Home Games 10th edition 40k & Leviathan

10th edition 40k & Leviathan

by SCG
Tyranid artwork from the official Warhammer 40000 website

Games Workshop launched the 10th edition of Warhammer 40,000 just two weeks ago, including a box set dubbed Leviathan. This contained a substantial collection of posthuman Space Marine and chitinous alien Tyranid miniatures; about 75 models. Thanks to a friend I was able to snag a copy of Leviathan, and spent the launch weekend building models and reading the new rules. This post is a round-up of assorted reactions to the new edition, including my thoughts after playing a couple of games, and my feelings about the contents of Leviathan

Let’s start with the box set, about which I’ll be brief. Since pre-orders sold out rapidly, at this point the only copies available will be via third-party sellers, and so there’s not much reason to dwell on it. So, here you get approximately fifty Tyranid models, approximately twenty-five Space Marine models, a hardback book containing the 10th edition rulebook and Crusade rulebook in one, a pack of Leviathan mission cards, and a transfer sheet. There are no dice, measuring sticks or other ‘starter’ items, as this limited run box set is clearly aimed at existing fans more than new players. 

The rulebook including the new Crusade rules is really nice, as this more narratively oriented way of playing the game is something I’m interested in. The book itself is hefty AF, although the core rules are covered in just 40 to 50 pages; just a fraction of the contents. There’s otherwise a lot of lore, artwork and miniature photography, as you’d expect. It’s a nice book, well laid out, and the Core Rules are mostly well explained. I also like the included pack of mission cards; like the Crusade rules, this is something I’d otherwise have bought separately. These cards are a way to easily generate a variety of mission objectives, rules and deployment areas, giving games plenty of variety. I’ll speak of these again later.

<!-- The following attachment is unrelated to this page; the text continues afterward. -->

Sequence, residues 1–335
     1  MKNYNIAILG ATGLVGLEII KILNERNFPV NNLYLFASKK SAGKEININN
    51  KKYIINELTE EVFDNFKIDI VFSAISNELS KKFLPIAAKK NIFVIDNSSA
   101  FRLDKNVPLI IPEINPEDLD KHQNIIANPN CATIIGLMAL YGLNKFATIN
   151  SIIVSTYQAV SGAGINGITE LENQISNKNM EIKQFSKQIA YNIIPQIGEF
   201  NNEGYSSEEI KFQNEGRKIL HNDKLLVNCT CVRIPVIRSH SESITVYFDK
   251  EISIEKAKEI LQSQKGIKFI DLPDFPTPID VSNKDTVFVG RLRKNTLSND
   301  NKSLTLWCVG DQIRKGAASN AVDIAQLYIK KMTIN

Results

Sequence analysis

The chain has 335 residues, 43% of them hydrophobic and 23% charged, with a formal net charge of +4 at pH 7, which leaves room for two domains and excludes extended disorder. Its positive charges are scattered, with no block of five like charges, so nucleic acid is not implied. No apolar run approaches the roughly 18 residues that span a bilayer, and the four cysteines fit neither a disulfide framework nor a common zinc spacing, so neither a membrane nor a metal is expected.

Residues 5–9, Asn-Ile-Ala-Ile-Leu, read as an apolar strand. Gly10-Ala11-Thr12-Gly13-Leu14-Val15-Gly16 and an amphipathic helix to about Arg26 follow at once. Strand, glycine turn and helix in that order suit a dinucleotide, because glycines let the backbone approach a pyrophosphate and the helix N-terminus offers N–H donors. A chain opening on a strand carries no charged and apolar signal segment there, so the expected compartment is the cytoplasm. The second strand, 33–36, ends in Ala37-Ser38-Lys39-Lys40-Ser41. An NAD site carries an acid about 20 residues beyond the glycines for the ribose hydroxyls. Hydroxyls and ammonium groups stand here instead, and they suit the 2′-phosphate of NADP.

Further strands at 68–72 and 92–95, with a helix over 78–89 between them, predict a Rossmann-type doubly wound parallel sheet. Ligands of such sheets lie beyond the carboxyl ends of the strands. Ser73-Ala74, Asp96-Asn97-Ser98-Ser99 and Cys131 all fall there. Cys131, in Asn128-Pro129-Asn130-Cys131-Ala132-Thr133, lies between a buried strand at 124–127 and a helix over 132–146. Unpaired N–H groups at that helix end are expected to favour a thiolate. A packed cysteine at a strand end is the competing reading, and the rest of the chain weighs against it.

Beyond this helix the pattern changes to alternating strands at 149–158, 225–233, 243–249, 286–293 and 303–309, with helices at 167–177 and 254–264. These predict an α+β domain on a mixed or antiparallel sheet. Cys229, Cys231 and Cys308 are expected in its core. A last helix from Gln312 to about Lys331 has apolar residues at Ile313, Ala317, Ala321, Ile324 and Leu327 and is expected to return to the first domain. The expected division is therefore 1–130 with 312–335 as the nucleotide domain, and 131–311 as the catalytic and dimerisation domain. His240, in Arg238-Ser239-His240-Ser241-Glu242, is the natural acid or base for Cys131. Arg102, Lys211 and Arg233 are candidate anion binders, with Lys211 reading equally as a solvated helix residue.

I felt the absence of the new style of ‘index cards’ – double-sided cards containing all the status and rules for any given unit – for the models included in the box set. These feel like they’d have been an easy inclusion, and without them you’re left referring to a downloaded PDF or the official app. This isn’t ideal, but more on that later. Reference sheets for the core rules would also have been a nice inclusion, but not including them does make sense for a box set not targeting new players. 

As for the miniatures… well, let’s get a couple of minor grumbles out of the way first. There’s no scenery included, but honestly the box was already packed to the brim. There are three models that serve no real purpose – two Tyranid Neuroloids and one homing beacon – but I shouldn’t really complain about three small bonus miniatures. Finally, the lack of a third base of Rippers is a bit odd, as you only get two but need three for a unit. They’re included on the Termagant sprues, of which you get two, so it makes some sense. I guess I’ll be buying more Termagants… 

Now to the positive. As is generally the case with new Games Workshop miniatures, the sculpts are fantastic, with impressive levels of detail, and the manufacturing is top-class. Mould lines are vanishingly faint, although I still diligently cleaned up what was visible during building. All these models are push-fit, which I’ve had issues with in the past. Blackstone Fortress and the 8th edition Dark Imperium set also had similar push-fit miniatures, and with a lot of those I had issues pushing pieces together. This usually resulted in substantial gaps between pieces that looked terrible, or the risk of snapping plastic when trying to force parts apart again. Those experiences led me to cut away the push-fit pegs and just glue the parts instead. With Leviathan, I push-fitted almost everything, only using glue on a few occasions, and only trimming off pegs on a half-dozen models at most. Push-fit models remain divisive, as they generally involve monopose sculpts and limited build options, but at least with these the process of assembly went well.